So I know I don’t normally have a lot to do with the Autobots, but every now and then one will slip through the net. But this week, Target stuffed up the pricing in their weekly catalogue, and the Deluxe Titans Return figures were reduced to only $15AUD a pop, which is an absolute steal!
At that price, I decided I should pick up Highbrow. I’ll take Decepticons in virtually any alt-mode, but for the Autobots they tend to have to be airborne vehicles. Plus, somewhere in my cupboard I have the Kre-O version of this guy, and since I was particularly fond of that Kre-O I thought it was time to get the “real” version of him.

Highbrow’s bot mode is awesome – the sunglasses-style design for faces is my second favourite after faceplates, and he stands very well. Colour scheme pops nicely on the shelf, and he manoeuvres easily into cool poses.  The lack of waist articulation is a slight downer, but a necessary element due to his transformation style. Xort, his Titan Master companion, is similarly cool in design. Rocking a semi-inverted Highbrow colour scheme, he’s very fun to look at. But on the downside, his joints are a little floppy – when removing the head, don’t be surprised if his legs and arms swing around a little. 

The vehicle mode isn’t quite as strong; it’s tandem rotor helicopter that wouldn’t look out of place in some mid-90s anime. While not a bad design in and of itself, the colours come across as very toy-ish (curiously, much more than they do in bot mode) and that is a little distracting. Still, it’s nice sculpting and the transformation doesn’t feel too forced or awkward, unlike some recent figures I’ve looked at.   

Now, TFWiki notes that there’s two known issues with this toy – the plug for the head doesn’t click in properly on some, and the legs are loose on others. The example I own is one of the former, but the good news is that you can kind of see it in the package. If he looks like his head isn’t clicked in properly, then you’re likely looking at one of them. The head is a little loose on mine, but nothing too severe. He just looks like he has an unusually long neck from certain angles.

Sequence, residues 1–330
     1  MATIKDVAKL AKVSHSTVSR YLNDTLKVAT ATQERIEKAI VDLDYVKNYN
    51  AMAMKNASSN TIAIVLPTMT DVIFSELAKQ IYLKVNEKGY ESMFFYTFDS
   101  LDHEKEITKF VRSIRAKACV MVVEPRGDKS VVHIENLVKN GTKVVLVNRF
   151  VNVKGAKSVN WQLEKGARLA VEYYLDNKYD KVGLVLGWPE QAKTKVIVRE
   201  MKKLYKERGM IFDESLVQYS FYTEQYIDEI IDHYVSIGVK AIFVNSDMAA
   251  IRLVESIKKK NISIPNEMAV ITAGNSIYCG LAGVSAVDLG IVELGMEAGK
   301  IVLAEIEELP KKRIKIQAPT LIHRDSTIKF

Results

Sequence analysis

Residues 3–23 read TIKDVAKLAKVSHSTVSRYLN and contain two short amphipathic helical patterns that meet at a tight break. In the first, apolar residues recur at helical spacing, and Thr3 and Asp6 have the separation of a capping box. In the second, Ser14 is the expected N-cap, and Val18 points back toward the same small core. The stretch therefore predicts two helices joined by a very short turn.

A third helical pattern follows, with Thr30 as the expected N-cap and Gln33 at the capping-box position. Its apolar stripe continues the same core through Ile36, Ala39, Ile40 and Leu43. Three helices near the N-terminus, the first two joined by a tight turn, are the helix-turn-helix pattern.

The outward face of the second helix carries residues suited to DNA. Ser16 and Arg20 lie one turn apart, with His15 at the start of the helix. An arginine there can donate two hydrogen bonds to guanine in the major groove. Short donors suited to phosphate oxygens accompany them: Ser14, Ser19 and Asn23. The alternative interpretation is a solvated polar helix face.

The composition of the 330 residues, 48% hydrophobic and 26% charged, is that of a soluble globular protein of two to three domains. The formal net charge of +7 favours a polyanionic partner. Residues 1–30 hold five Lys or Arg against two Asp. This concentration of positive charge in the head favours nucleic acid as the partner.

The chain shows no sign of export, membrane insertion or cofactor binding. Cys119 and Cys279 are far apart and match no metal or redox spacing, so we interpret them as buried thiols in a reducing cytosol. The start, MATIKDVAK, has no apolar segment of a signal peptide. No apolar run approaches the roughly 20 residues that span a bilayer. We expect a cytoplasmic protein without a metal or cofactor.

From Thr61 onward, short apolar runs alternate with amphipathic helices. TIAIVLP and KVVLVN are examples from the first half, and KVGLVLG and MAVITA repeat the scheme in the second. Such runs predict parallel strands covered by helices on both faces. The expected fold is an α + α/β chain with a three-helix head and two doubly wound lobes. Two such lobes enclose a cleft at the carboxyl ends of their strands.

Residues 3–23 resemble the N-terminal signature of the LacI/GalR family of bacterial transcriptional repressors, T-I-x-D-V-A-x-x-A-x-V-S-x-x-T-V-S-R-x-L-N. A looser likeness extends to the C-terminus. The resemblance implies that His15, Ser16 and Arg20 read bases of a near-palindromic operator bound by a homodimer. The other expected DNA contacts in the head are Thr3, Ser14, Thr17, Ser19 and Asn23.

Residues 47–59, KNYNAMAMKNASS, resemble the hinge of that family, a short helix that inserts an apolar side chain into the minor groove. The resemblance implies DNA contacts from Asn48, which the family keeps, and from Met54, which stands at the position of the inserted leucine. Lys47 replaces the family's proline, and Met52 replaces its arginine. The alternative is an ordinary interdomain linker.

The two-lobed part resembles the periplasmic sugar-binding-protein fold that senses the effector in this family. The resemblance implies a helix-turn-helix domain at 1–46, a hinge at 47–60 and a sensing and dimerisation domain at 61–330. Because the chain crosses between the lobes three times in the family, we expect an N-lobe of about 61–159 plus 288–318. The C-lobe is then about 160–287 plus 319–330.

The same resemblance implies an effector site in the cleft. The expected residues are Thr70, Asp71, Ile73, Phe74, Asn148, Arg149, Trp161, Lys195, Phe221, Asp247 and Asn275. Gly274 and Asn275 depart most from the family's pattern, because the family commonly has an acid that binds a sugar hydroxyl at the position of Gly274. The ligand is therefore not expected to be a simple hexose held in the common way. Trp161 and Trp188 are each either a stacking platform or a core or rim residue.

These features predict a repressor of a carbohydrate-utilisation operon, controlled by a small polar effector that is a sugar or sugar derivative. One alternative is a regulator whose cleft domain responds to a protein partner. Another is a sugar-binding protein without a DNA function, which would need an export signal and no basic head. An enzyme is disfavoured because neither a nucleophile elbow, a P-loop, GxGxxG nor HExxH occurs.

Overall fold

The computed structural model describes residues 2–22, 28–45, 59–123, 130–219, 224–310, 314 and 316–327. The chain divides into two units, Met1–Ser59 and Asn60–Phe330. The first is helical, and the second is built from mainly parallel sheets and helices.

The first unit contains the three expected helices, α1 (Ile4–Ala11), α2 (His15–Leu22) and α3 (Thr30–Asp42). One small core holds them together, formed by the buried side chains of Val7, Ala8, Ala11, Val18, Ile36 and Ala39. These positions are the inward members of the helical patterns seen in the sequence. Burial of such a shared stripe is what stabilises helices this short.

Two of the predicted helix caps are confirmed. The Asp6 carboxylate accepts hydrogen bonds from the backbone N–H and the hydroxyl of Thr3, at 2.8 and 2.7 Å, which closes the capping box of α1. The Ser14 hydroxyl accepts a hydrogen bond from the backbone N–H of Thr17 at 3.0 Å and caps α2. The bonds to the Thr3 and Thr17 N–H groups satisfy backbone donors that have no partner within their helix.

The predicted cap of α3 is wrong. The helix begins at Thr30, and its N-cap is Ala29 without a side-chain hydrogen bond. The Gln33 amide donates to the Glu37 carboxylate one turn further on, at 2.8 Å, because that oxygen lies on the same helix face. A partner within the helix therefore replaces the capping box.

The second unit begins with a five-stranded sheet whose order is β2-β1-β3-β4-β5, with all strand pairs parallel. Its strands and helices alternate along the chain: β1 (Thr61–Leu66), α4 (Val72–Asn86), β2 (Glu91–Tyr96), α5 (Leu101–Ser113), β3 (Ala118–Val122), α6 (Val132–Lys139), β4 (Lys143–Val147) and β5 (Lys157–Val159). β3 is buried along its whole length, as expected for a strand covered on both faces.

Overall? The vehicle mode isn’t as strong as bot mode, but it’s still a very fun toy. And considering the fairly nominal amount I paid for it, I’m extremely satisfied.  

Wednesday, 2 November 2016

Transformers Generations: Titans Return – Mindwipe

Company: Hasbro
Year: 2016

So, another week at the LBC, and another Titans Return review. I thought Combiner Wars was incredibly fun, but I feel like it’s been blown out of the water by this year’s releases. Tonnes of original sculpts, cool articulation, good updates to characters that haven’t been produced in years…what more do you want from a Transformers line?

So today we come to Mindwipe, and his little Titan Master buddy Vorath. As with many Transformers, I’m not really familiar with Mindwipe’s background but a quick glance at TFWiki suggests that he’s a next-level Edgelord in a faction that’s already mighty loaded with Edgelords. He’s a skilled hypnotist, and also spends a lot of time trying – though apparently unsuccessfully – to become the Transformers version of a necromancer. His alt-mode is a bat, which gives him a tenuous kind of vampire/goth connection. I get the impression he would have enjoyed The Misfits.

His bot mode is genuinely great, one of the best figures I’ve seen in quite some time. As I’ve noted numerous times, black and purple are my favourite Decepticon colours, which of course instantly gives him roughly 1000219702130932 extra cool points – though I think the design is a nice one, nonetheless.

Transformation is intuitive for the most part, though the placement of certain tabs makes it quite obvious that it was computer-designed.  And the alt-mode…well, it’s not bad, but it is kind of weird. I think it’s to do with the design of the head – it’s a little too busy in comparison to his bot mode, with lots of greebles decorating the surface. Additionally, the head is cast in a much softer plastic, which just seems strange. However, the jaw is articulated, which is a definite bonus. While in alt-mode, Vorath is stored in the chest, which is a nice Megazord-esque touch.  

Vorath himself is okay, but not amazing. He looks somewhat like a colour-swapped Apeface, and I think that a paint app on the face would have definitely enhanced his look a little. Still, these mini Titan Masters are always great fun.

I wasn’t originally going to pick up Mindwipe, but a friend talked me into it. Though I’m a bit ambivalent towards his alt-mode, his bot mode is fantastic, and worth the price of admission on that basis alone. Highly recommended for fellow members of the Decepticon nation.